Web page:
Nothing works as well as a good question when it comes to flexing the intellectual muscles. Given the day-to-day demands of most academic positions, there isn’t a lot of time to spend thinking about teaching. But good questions are useful because they can be taken with us and thought about from time to time, here and there. And they can be discussed with colleagues, in person or online.
The set of questions below was developed for a teacher beliefs interview protocol that was used to explore the beliefs of beginning high school science teachers. The questions were derived from the analysis of semi-structured interviews with over 100 pre-service teachers.
These questions of protocol are fundamental: they touch on the foundation on which most pedagogical practices are based. And these aren’t questions just for beginning teachers, as this slightly edited version shows.
- How do you optimize student learning in your classroom?
- How would you describe your role as a teacher?
- How do you know your students understand?
- In your [courses]how do you decide what to teach and what not to teach? [This could mean what content you opt to include, or it could mean how you decide
- What you should cover and what students can learn on their own.]
- How do you decide when to move on to a new topic in your class?
- How do students learn [your subject matter] better?
- How do you know when learning is happening in your classroom?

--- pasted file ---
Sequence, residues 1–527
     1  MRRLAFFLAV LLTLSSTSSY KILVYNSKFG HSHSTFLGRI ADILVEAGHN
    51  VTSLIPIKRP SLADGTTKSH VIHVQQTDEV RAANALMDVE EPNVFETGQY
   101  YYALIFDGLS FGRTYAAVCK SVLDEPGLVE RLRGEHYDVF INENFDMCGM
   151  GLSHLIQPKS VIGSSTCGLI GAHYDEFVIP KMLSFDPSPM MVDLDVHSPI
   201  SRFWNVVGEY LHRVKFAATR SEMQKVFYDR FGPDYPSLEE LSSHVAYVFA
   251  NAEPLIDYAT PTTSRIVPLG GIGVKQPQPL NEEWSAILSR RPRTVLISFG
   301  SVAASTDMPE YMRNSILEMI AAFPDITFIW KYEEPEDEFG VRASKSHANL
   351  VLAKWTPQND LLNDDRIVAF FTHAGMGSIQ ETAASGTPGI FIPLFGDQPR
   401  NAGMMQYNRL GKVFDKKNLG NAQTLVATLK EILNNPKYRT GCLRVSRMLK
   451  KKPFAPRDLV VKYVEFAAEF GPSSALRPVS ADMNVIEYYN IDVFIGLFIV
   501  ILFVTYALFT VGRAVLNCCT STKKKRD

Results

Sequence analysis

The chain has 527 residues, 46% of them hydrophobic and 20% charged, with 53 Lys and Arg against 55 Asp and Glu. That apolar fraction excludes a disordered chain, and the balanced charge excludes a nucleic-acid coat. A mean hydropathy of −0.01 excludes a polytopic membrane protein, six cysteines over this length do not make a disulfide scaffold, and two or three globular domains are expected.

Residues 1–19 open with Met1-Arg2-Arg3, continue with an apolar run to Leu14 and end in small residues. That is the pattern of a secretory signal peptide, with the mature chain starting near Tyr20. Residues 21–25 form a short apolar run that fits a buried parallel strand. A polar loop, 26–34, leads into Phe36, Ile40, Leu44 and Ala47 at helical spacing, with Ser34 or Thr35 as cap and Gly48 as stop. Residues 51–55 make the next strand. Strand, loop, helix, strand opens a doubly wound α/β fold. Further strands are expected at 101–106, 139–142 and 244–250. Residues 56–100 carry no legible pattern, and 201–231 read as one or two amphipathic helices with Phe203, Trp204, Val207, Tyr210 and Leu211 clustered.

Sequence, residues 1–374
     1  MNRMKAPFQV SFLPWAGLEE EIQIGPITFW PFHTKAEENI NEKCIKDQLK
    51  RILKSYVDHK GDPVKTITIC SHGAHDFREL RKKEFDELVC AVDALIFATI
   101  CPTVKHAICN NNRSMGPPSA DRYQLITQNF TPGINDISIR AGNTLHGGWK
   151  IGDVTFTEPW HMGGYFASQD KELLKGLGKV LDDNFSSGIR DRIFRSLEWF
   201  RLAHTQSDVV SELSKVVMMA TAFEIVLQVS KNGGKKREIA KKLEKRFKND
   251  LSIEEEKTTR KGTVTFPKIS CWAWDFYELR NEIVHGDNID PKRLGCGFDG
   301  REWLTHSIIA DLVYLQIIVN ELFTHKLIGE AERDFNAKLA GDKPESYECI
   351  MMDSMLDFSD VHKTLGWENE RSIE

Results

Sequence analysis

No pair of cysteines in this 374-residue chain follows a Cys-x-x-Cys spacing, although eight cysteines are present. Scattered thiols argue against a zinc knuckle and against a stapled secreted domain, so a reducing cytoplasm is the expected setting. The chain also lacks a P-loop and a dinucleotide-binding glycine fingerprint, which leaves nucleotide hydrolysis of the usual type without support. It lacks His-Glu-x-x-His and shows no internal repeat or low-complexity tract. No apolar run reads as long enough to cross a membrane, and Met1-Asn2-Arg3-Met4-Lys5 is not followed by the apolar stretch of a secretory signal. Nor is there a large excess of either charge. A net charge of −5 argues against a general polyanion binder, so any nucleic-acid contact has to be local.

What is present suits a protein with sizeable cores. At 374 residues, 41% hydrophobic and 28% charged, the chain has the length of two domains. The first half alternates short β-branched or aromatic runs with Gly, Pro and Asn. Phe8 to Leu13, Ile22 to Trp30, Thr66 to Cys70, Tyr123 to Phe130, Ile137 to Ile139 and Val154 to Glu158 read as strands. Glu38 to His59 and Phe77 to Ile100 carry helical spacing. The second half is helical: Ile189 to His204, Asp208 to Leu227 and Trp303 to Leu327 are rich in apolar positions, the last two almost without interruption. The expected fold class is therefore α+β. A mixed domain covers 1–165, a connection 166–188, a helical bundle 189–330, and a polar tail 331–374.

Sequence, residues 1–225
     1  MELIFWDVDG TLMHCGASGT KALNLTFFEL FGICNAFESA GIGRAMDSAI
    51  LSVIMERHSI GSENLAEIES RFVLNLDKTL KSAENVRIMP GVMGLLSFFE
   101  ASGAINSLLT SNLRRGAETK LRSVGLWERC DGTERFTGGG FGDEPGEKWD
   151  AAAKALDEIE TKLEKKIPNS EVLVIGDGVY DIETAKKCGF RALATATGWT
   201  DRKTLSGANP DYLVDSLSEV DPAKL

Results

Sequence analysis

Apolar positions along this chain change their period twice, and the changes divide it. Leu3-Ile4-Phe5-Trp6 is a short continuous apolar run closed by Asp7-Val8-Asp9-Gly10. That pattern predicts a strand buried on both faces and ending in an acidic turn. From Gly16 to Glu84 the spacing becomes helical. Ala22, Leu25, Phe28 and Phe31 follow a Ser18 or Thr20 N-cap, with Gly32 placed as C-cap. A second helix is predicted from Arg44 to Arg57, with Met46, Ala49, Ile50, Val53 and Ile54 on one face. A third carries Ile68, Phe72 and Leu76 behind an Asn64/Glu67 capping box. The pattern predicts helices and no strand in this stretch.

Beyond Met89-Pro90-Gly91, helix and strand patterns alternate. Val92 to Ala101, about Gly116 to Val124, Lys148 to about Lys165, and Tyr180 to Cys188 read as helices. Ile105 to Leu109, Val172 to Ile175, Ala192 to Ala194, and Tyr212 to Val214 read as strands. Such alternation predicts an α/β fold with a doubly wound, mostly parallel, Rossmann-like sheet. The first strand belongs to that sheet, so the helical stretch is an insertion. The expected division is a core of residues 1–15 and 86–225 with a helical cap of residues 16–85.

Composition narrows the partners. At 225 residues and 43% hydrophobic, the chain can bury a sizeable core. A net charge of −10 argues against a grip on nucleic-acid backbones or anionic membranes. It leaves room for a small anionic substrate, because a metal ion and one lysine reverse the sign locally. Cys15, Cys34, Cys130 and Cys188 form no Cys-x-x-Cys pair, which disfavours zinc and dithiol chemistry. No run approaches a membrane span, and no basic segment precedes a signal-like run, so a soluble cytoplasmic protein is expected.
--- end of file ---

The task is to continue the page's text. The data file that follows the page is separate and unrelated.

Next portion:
There are many ways to use a set of questions like this, starting with a personal reflection. How long has it been since you asked yourself such questions? These are great questions for mentors to explore with those they mentor. Would it be interesting to discuss one or two in a departmental meeting? Could they be used to structure a faculty workshop or retreat session?
Do you think your answers to questions like these have changed over time, that you have changed, or that the students have changed? How interesting it would be to jot down a few ideas and answers at the start of a career and then revisit them from time to time over the years. Are the answers different depending on the course you teach or the level of the students enrolled in the course? Online education would definitely change your answers. Does online teaching make it harder to answer these types of questions?
Reference: Luft, JA and Roehrig, GH (2007). Capturing the epistemological beliefs of science teachers: the development of the interview on teachers’ beliefs. Electronic Journal of Science Education11 (2), 38-63.
Reprinted from Powerful Question Set, teacher teacher, 29.6 (2015): 7. © Magna Publications. All rights reserved.